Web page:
“Salma Hayek walked up to me — who I was super in love with because of “From Dusk Till Dawn” with George Clooney — and said the craziest shit: “You know your brothers and sisters are dying over in Africa because of all this jewelry you’re wearing.” Because I guess we had those big ole watches they gave us on, and these platinum necklaces. So I was like, “What?! What are you talking about? I don’t have no brothers and sisters in Africa!” And like that, Salma Hayek killed my hard-on. I just went limp. I told her it was nice meeting her and walked out away from that.”
Audre Lorde, a self-proclaimed “black, lesbian, mother, warrior, poet,” was a writer, feminist, womanist, and civil rights activist.
For Lorde, writing proved to be her powerful weapon against injustice. Painfully aware that differences could provoke prejudice and violence, she promoted the bridging of barriers.
Lorde began writing poetry at age twelve. She was inspired by poets such as Keats, Edna St. Vincent Millay and Helene Margaret. As the first Black student at Hunter High School, a public school for intellectually gifted girls, she worked on the school newspaper and published her first poem, “Spring, ” in Seventeen Magazine in 1951.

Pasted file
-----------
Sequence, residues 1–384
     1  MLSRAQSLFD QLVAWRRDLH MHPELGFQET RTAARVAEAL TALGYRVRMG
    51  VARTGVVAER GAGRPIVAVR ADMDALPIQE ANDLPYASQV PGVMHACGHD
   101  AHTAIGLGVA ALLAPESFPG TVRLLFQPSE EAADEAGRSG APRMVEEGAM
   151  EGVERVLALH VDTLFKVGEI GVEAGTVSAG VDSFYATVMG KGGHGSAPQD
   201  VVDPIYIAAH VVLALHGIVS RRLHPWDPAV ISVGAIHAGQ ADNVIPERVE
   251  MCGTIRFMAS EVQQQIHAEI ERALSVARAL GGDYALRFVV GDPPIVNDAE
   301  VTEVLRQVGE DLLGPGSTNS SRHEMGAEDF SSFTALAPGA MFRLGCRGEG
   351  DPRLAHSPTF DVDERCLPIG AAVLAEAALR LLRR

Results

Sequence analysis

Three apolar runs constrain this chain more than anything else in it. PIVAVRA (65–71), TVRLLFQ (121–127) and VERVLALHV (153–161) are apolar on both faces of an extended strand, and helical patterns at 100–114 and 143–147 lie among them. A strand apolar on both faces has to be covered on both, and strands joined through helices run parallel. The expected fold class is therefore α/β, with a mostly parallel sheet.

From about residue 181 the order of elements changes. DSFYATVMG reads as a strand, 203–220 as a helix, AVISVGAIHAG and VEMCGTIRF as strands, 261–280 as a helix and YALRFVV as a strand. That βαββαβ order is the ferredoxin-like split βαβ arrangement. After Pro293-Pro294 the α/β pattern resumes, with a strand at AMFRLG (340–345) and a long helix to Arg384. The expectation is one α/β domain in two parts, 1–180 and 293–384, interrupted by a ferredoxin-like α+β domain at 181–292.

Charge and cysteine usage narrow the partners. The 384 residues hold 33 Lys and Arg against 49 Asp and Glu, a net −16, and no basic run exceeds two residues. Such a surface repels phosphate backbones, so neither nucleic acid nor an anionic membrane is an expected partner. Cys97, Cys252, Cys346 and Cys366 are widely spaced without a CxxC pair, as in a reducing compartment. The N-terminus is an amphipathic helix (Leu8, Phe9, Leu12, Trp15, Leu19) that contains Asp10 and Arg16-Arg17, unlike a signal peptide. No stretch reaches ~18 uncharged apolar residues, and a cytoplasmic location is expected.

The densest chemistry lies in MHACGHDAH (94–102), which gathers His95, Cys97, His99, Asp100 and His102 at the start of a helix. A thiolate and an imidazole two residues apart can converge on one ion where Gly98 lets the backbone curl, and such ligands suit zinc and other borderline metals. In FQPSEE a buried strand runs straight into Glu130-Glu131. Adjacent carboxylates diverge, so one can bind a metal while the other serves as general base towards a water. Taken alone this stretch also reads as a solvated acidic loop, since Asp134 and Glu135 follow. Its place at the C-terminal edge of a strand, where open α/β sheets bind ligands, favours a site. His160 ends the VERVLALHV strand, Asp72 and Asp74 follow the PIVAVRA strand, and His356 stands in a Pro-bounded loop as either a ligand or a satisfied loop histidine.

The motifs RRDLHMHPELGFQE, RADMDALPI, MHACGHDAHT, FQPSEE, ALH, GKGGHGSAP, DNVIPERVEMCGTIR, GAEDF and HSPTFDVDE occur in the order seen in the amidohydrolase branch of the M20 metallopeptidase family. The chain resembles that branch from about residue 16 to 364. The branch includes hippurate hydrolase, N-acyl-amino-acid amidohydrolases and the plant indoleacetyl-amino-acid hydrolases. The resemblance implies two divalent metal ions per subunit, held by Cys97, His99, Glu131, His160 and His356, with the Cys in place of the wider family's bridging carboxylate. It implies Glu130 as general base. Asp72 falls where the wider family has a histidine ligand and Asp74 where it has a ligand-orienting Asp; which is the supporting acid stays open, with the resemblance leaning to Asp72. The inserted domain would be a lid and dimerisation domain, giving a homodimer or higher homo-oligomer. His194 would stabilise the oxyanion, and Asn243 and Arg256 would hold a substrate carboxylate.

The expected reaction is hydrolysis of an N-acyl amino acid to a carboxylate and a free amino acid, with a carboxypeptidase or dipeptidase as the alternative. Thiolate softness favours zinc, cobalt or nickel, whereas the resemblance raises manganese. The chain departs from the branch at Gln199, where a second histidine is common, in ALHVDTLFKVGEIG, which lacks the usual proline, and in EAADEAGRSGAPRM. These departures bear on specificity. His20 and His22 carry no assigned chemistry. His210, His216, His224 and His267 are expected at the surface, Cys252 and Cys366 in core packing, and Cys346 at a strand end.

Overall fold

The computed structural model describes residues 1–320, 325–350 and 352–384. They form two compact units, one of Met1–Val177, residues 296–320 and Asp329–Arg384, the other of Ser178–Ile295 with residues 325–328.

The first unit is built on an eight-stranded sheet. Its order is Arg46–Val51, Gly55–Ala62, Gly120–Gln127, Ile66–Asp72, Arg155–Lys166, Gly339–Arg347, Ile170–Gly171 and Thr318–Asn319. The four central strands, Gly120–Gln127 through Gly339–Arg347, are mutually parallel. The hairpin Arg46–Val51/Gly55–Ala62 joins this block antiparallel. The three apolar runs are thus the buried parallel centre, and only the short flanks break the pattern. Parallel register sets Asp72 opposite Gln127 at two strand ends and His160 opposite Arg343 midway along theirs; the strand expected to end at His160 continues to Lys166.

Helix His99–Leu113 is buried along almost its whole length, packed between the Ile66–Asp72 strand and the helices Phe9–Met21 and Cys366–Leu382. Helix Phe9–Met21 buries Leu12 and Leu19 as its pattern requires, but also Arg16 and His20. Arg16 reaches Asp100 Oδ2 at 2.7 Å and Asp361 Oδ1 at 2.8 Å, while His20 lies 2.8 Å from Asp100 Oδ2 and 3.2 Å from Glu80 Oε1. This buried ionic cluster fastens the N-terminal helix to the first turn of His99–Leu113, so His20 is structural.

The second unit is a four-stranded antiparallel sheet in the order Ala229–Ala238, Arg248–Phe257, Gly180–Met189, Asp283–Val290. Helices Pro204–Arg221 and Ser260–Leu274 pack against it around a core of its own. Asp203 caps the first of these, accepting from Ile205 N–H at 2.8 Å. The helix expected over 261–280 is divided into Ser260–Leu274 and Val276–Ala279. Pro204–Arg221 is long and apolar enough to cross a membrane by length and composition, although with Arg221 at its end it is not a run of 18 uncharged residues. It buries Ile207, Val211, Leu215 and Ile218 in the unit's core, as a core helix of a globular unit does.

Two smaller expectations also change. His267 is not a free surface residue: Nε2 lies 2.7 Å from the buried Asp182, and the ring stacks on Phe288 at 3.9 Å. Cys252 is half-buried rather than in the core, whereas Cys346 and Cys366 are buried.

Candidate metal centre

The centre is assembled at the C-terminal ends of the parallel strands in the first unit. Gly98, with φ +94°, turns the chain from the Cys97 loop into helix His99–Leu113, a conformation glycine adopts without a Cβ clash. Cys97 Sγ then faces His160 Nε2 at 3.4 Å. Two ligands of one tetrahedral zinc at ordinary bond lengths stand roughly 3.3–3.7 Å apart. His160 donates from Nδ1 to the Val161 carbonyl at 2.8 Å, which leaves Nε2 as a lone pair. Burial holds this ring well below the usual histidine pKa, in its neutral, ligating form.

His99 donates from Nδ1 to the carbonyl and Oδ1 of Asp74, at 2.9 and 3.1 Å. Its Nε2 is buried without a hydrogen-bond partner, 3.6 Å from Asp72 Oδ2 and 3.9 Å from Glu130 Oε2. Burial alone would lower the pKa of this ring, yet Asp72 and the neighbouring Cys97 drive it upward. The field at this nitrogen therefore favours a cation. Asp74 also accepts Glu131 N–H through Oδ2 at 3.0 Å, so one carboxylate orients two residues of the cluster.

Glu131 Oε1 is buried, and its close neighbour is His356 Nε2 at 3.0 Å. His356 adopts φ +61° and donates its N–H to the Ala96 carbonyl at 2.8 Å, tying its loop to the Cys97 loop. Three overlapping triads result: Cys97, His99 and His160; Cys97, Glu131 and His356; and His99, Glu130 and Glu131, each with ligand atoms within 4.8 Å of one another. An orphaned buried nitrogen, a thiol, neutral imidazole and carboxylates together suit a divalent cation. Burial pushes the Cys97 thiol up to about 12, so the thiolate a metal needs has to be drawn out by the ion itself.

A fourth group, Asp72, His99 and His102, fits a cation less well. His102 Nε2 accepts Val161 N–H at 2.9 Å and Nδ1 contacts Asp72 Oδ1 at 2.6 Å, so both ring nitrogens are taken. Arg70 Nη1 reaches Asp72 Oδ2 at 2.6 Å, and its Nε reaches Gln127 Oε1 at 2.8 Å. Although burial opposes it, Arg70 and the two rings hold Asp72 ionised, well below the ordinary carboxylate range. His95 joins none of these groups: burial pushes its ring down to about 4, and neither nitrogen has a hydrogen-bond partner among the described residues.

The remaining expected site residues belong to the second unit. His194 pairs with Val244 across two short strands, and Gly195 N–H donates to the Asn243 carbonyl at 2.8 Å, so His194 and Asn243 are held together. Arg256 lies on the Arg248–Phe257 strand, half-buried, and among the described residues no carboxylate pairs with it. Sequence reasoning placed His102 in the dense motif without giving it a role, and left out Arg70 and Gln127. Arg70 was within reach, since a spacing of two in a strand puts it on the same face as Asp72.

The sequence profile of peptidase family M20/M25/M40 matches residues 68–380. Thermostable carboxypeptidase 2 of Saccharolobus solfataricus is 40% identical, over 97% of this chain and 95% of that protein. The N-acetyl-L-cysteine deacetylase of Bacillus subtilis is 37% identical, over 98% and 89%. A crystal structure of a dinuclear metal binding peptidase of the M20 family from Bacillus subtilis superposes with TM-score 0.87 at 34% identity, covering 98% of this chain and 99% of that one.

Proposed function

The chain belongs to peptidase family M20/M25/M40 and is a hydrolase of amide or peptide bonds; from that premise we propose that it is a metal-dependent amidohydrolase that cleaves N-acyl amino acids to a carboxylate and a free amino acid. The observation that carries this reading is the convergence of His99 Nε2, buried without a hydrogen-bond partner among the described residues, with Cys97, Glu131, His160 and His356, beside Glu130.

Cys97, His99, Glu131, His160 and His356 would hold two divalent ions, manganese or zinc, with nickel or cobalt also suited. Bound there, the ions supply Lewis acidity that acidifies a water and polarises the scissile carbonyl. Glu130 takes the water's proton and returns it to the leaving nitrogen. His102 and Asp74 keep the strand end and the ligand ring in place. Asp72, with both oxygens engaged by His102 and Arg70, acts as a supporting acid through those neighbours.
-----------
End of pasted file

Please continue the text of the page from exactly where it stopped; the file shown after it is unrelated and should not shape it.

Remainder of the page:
Her homo-erotic feelings began to emerge during her teenage years, through various crushes on female peers and teachers. So after graduation from high school, Lorde left her parents’ home and attended Hunter College. She surrounded herself with leftist thinkers and lesbian friends.
Audre Lorde dedicated her life to combating social injustice. She helped found Kitchen Table: Women of Color Press, the world’s first publishing company run by women of color.
She was also a founding member of Sisters in Support of Sisters in South Africa, an organization that worked to raise concerns about women under apartheid.